2012 Christie Clinic Illinois Marathon Recap

I had an awesome time at this race. If you are in the midwest, I recommend you add it to your race schedule for 2013. It was a big race, the largest I’ve ever done by far. But, it was really well organized and staffed. The pre-race communications were great, so I knew where to park and pick up my packet at the expo, where to park on race day, etc. And the spectators and volunteers rocked! So many funny signs, families cheering us on, and other surprises along the way. I had a huge smile on my face nearly the entire race. (Yes, I am that dork that runs a race with a big grin on her face.)


The expo was a little smaller than I would have thought for a race of this size. In one gym, participants picked up their bibs and were able to check the imbedded timing chips. They also had a booth set up with Joe’s Pacers. I stopped by and decided I’d run with the 5 hour marathon pacer since my goal time was 2.5 hours for the half. In a separate gym, they had vendors set up and t-shirt pickup. There were a few clothing vendors, and of course, I had to get a couple of cute running shirts and a sweaty band. One of the shirts says Bad Mother Runner on it with a pink skull. πŸ™‚ I also got sucked in and bought some race merchandise clothing. It says Illinois Marathon on it. I hope that doesn’t make me a poser. πŸ˜‰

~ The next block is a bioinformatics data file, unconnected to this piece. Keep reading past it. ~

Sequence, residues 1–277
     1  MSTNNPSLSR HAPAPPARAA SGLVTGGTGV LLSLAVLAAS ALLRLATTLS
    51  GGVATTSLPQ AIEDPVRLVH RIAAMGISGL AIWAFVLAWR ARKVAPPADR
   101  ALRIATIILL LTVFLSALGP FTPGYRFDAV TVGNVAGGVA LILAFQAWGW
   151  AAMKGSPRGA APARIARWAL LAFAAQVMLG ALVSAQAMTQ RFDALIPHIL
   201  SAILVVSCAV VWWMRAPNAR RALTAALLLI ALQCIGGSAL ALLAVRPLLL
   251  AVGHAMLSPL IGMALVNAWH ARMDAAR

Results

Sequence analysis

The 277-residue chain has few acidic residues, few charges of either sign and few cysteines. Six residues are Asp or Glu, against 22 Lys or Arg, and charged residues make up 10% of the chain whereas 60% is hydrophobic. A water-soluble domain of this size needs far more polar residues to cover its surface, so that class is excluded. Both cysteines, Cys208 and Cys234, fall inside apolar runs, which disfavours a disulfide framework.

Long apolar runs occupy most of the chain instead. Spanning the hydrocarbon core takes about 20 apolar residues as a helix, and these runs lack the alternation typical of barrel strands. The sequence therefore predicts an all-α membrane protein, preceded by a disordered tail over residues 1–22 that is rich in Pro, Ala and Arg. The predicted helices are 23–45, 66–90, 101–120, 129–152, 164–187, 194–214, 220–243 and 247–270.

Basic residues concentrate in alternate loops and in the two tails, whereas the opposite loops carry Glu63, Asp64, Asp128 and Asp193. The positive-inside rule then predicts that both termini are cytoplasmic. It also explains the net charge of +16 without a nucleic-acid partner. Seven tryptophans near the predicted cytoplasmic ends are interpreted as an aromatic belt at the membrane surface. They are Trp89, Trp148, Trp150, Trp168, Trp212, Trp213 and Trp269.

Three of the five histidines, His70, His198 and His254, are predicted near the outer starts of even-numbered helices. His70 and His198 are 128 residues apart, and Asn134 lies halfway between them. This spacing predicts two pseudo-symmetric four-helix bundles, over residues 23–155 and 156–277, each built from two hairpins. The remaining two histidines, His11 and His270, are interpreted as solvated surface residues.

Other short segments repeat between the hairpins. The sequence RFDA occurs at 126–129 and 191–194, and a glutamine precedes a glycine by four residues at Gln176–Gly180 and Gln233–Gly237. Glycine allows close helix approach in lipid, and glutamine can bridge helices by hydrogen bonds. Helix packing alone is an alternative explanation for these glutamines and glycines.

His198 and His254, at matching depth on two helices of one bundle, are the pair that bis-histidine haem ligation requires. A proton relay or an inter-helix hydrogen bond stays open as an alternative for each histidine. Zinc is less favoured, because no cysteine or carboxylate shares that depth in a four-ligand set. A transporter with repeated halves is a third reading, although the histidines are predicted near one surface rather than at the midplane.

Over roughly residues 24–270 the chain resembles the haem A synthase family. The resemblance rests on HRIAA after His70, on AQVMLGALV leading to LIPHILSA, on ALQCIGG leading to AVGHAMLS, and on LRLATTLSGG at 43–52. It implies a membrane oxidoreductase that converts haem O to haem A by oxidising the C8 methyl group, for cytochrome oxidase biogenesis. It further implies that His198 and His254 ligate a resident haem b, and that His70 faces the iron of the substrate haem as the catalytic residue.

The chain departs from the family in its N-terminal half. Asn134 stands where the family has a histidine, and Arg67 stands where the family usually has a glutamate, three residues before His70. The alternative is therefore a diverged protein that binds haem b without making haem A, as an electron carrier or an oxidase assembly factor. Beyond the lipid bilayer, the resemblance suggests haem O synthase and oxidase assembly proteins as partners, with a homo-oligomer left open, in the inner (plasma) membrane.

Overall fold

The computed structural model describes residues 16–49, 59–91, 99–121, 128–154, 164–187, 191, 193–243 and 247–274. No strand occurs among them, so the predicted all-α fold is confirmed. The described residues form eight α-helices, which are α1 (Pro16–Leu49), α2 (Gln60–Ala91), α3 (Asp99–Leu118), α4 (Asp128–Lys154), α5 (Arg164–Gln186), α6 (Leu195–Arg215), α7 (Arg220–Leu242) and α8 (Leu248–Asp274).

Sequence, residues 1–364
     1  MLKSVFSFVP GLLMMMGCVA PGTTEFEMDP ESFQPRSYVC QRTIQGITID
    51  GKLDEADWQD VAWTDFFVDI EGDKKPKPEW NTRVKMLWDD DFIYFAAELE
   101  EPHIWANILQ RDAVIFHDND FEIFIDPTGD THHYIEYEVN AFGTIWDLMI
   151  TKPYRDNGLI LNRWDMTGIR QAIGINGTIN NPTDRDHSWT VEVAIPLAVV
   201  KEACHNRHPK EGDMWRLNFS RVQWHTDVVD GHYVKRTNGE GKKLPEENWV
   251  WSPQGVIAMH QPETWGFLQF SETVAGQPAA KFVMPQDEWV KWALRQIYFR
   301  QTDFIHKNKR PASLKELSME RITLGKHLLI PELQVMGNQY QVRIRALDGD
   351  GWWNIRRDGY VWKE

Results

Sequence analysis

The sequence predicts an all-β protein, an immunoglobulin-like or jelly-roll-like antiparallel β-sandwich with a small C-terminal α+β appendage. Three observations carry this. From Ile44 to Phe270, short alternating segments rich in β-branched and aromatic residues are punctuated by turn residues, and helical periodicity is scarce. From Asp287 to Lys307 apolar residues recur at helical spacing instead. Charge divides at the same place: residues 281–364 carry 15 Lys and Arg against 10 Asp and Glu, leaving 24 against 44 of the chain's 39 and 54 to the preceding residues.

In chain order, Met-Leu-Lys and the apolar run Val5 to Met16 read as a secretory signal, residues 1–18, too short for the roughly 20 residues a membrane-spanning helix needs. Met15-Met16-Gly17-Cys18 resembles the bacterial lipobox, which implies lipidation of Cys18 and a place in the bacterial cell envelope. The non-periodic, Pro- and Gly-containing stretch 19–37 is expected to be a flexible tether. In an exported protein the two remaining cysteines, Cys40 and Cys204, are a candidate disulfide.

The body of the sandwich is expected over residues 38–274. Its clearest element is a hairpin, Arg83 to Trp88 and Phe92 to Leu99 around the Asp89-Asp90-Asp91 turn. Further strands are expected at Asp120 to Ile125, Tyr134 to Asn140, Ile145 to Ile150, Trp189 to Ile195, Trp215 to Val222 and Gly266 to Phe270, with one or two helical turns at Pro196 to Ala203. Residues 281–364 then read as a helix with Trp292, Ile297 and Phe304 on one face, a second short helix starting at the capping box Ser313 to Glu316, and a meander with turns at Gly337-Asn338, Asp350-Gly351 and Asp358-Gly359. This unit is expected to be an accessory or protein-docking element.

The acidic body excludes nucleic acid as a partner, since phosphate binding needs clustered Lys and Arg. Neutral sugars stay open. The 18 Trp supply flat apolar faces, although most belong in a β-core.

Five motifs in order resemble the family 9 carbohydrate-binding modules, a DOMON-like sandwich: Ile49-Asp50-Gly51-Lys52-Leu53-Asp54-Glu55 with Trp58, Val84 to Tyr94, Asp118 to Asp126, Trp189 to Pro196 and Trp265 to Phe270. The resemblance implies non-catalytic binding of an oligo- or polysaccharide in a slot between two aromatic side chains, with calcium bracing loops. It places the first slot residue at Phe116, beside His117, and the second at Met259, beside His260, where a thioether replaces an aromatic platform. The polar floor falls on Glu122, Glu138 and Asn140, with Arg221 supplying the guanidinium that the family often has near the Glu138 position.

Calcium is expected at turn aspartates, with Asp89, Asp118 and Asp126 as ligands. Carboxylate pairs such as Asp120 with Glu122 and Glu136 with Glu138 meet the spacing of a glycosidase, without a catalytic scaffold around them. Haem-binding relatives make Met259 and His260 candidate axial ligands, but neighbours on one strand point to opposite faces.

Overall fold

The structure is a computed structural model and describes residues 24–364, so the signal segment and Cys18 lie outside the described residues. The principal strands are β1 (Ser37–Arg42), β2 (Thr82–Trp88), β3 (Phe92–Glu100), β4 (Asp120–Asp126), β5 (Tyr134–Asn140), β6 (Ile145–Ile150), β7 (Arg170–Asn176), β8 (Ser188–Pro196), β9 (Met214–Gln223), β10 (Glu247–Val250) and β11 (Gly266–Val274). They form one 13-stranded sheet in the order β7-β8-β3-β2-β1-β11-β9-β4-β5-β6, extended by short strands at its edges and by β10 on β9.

Race Day

Race day began at 4:00 am for me. Yawn! I had laid out my clothes and showered the night before, so I quickly made coffee, a PBJ for the road and threw on my clothes. I was on the road around 4:45 am for the hour-plus drive to Champaign. On the ride there, I drove through several downpours. I was really hoping the rain would pass before it was start time. I’ve run in light rain before, but nothing like what was coming down then.

And luck would have it, the rain did stop before it was time to line up at the start line.Β It was cool and damp, so I was cold while waiting for the race to begin. I lined up in my corral and chatted with the pacer for a bit. Since I’m a slow poke, our corral didn’t start until nearly 15 minutes after the official race start.

The first few miles were crowded and a little weird as everyone tried to set their pace and spread out. I kept the pacer in my sight, and tried to enjoy the sights along the route. After just a few miles, I had warmed up and was wishing I’d have picked a short-sleeve or a tank to wear instead of long sleeves. I fought a bit of a side cramp around miles 4 and 5. I don’t know why it came on, but I was able to run through it. For the most part, I felt good throughout the race. I kept the pacer in sight, but I often felt like I could be running a bit faster.